Thank you for sharing your latest favourite Deborah, I look forward to your recommendations too, happy reading!

      Liked by 1 person

      • Re: Natalia Ginzburg, I’ve read ‘The Little Virtues’ — essays that are wonderful and bring insight to her fiction, of which I’ve read ‘Happiness, as Such’ and ‘The Dry Heart.’ Recent articles in the New Yorker and New York Review of Books suggest that ‘Family Lexicon’ is her ‘masterpiece. Will let you know if I agree, once I read it.

        Liked by 1 person

  7. Really pleased to see Zuleikha on this list – I have a library copy in my TBR pile at the moment, so looking forward to it even more now! And So Long A Letter is a masterpiece.

    Like

    • Yes, please do a list of your Top 10 and share it, it’s one of the best things about reading women in translation in August, is knowing what other people’s favourites are, that highlights for me, books I’ll try to acquire for the year ahead! And this is such a good idea to share our top 10 just ahead of #WITMonth.

      Like

  8. I feel ignorant having not come across any of these, although I have heard of a few so there is hope for me yet. I need to add more women to my list of books, Didion, Kang, and yet more Nemirovsky are on the TBR pile so that is a start. Looking forward to reading these recommendations at some point.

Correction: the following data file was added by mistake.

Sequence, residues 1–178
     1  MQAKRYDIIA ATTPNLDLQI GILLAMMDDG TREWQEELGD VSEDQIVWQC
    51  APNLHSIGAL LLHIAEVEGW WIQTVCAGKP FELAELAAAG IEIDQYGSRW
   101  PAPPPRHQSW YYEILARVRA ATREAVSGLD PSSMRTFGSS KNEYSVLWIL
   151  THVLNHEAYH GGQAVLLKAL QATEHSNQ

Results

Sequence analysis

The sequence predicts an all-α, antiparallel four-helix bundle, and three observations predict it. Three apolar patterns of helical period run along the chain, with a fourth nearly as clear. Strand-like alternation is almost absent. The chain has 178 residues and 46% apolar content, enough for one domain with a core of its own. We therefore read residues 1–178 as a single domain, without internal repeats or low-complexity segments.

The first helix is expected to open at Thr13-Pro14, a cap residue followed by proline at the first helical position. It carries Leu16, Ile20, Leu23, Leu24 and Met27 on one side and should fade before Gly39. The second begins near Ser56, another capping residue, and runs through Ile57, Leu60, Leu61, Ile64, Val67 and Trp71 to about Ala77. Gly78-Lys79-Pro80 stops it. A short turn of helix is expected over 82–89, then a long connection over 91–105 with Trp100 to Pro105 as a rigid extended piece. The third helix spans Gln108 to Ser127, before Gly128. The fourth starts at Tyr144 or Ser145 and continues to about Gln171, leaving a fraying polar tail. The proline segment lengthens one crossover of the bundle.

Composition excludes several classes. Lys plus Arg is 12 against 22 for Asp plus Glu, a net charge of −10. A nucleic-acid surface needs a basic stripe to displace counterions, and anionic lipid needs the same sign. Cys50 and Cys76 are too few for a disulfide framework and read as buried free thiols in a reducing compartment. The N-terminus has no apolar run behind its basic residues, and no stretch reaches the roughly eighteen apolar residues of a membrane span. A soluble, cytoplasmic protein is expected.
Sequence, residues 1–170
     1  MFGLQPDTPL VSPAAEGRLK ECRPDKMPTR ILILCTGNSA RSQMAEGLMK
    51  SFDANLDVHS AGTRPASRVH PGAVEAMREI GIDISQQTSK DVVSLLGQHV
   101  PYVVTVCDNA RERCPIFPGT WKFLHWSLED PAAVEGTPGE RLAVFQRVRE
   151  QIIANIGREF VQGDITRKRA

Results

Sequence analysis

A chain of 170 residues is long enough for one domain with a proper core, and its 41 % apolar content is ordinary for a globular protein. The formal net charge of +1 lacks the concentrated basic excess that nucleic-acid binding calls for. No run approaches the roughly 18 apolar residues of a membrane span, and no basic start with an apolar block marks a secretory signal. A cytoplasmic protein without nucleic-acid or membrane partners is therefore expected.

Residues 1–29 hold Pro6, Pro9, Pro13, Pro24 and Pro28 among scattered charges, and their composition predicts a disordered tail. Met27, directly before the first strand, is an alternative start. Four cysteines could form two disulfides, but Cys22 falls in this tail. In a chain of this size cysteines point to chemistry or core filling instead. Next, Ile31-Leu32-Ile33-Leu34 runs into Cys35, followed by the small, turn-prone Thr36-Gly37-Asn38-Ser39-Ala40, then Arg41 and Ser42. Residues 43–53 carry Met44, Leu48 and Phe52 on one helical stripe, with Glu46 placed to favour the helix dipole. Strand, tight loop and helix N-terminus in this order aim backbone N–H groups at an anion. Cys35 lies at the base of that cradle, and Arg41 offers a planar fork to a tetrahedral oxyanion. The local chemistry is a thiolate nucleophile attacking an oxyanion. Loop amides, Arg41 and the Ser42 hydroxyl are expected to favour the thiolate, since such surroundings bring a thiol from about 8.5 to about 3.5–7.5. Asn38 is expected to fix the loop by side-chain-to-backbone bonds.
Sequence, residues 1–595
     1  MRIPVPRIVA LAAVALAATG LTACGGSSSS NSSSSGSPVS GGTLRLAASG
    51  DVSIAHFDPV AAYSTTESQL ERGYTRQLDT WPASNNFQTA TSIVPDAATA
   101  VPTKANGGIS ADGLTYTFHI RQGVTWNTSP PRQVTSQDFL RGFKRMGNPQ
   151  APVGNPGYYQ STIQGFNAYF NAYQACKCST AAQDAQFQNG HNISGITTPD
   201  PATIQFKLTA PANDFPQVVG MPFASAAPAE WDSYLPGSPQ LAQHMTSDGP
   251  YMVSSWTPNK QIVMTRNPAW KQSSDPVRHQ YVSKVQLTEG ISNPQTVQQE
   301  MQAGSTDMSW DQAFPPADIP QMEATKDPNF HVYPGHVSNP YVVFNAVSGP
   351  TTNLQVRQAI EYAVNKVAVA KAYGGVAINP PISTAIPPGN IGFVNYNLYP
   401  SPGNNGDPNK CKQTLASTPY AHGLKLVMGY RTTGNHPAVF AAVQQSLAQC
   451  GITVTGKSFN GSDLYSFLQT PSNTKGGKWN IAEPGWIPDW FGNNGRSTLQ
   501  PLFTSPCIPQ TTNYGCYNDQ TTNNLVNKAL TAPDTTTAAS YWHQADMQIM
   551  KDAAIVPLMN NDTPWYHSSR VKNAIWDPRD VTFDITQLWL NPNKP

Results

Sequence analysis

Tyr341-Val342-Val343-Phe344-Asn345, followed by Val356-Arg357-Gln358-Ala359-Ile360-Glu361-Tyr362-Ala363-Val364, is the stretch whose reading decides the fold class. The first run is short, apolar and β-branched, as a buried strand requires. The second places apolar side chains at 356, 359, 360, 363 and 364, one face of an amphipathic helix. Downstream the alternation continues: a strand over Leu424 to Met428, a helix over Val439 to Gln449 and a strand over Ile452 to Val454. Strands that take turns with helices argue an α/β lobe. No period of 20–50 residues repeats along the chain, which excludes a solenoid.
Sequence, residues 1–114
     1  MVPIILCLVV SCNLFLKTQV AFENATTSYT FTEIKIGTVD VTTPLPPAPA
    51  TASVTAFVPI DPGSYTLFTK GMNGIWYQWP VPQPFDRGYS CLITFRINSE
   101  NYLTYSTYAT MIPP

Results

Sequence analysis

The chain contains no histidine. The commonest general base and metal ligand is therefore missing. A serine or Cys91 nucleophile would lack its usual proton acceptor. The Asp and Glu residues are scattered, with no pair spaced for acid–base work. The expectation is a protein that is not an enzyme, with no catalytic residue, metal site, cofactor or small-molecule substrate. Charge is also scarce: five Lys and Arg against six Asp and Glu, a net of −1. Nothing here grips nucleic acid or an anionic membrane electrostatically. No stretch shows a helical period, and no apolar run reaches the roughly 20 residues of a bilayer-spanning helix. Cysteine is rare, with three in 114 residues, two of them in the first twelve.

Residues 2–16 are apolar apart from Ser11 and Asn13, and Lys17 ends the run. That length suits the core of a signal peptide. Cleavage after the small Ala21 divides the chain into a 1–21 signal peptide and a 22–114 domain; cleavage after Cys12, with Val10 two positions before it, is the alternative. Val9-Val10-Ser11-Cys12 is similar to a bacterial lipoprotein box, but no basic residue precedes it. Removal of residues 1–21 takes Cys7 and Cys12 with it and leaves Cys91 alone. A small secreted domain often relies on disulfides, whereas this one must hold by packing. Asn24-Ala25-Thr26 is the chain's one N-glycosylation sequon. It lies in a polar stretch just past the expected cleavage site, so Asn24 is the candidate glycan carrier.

Liked by 1 person

    • I’m sure you’ve heard of them, even if it’s only reading a few reviews, the literary equivalent of shop browsing. So that when you do spot them, you’ll awaken that sense that says, pick me up, read me. I hope you might read one or two WIT during August from your TBR!

      Liked by 1 person

      • If I get time to read anything it will be welcome. I started a new job and am going through intensive training, and quite naturally am retaining little so August will be stress month but I will see what I can do.

        Like

  9. Beautiful list, Claire! I loved Marlen Haushofer’s ‘The Wall’ – so happy to see it on your list! I also loved ‘Woman at Point Zero’ – such a powerful book! I remember your review of ‘Zuleikha’ – it was so thought-provoking. I want to read the Claudine series. Thanks so much for sharing your thoughts on your favourite WIT books, Claire! Loved your post!

    Liked by 1 person

Leave a Reply

Fill in your details below or click an icon to log in:

WordPress.com Logo

You are commenting using your WordPress.com account. Log Out /  Change )

Google photo

You are commenting using your Google account. Log Out /  Change )

Twitter picture

You are commenting using your Twitter account. Log Out /  Change )

Facebook photo

You are commenting using your Facebook account. Log Out /  Change )

Connecting to %s